Birders and nature lovers head to Mondragó Natural Park, where rivers flow from orchid-draped forests, winding through the dunes and across the beaches. From the park’s trails and cycling paths you might spot as many as 70 species of birds. In late January and early February, as throughout much of the island, blossoming almond trees paint the park pink and white.
The 3,500-foot El Teix is considered an enchanted mountain, and the climb to its summit on one of the island’s most spectacular trails certainly provides a magical experience. The stone path from Valldemossa passes remains of old charcoal burners and several lookout points as it ascends through oak forests and along a cliff with views over the coast. Summit views stretch across the Tramuntana mountain range, the north coast and the Bay of Palma. Another scenic climb in the Tramuntanas ascends Barranc de Biniaraix, a four-hour excursion on old stone paths through olive groves and along streams in a nature reserve.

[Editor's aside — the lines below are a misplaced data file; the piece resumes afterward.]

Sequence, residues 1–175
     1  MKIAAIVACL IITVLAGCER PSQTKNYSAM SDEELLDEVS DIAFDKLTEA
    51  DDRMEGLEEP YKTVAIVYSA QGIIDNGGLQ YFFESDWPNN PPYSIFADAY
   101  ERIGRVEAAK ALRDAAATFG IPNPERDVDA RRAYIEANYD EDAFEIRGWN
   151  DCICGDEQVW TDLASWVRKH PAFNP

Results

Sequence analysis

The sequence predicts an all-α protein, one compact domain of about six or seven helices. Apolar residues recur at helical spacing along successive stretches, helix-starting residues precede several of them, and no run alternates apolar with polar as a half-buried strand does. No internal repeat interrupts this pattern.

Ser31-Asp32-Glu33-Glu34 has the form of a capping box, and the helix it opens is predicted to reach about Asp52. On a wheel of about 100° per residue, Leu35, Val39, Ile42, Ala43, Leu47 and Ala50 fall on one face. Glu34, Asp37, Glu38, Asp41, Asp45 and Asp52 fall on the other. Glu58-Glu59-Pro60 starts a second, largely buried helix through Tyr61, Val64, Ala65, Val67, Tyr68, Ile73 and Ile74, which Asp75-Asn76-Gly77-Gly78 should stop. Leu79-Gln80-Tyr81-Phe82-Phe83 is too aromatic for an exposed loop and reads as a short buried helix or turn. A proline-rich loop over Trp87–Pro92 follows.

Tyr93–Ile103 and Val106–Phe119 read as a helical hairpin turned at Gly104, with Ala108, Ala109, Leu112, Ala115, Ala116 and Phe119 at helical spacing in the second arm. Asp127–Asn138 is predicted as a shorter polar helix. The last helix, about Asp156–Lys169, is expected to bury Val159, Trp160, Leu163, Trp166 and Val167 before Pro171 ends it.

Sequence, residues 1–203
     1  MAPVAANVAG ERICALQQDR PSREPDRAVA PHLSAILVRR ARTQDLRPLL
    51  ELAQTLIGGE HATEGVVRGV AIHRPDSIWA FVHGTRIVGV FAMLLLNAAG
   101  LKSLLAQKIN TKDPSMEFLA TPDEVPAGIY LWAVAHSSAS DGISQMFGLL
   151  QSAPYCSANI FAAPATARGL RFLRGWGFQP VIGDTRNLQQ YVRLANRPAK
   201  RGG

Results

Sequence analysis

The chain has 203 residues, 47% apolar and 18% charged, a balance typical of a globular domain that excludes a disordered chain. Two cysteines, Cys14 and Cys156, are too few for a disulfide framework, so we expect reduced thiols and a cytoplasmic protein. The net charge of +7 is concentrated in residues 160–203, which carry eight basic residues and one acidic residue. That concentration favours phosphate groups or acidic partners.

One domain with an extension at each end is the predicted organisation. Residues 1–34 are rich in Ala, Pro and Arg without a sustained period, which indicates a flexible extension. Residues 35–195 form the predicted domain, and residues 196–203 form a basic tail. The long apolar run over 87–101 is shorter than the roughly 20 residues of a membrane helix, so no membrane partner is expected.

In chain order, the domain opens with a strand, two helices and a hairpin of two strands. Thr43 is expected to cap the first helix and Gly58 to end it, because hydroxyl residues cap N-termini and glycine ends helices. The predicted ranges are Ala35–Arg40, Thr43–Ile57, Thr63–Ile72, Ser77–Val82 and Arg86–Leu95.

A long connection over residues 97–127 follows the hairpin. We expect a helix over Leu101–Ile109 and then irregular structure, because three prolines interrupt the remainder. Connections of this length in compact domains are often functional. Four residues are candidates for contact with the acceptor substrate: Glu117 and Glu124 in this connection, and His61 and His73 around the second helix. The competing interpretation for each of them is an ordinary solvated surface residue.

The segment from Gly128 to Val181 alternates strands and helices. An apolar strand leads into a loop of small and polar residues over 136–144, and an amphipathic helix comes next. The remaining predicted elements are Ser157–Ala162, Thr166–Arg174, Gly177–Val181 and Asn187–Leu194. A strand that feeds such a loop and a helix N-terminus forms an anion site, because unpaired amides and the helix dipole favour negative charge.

A popular bicycle route takes you from the stone lanes and houses of the postcard village of Fornalutx, set in a spectacular valley in the heart of the Serra de Tramuntana, through orange groves and along lush mountain terraces to Biniaraix, another picturesque village in the Soller Valley, known for its ravine of waterfalls and stony landscapes.
For coastal views and a breathtaking drive dotted by overlooks, follow the coast west from Palma through the steep village of Banyalbufar to Andratx. Travel an even more dramatic drive to the northeast tip of Cape Formentor, where caves cut deep into rocky cliffs far above the sea. Fishing excursions, yachting charters and ferries to Menorca embark from nearby Port d’Alcudia, one of more than 40 island marinas that make Mallorca a popular stop for yacht owners. The most upscale of these marinas, Porto Nous, sits at the eastern end of the island, a favorite of film stars and royals.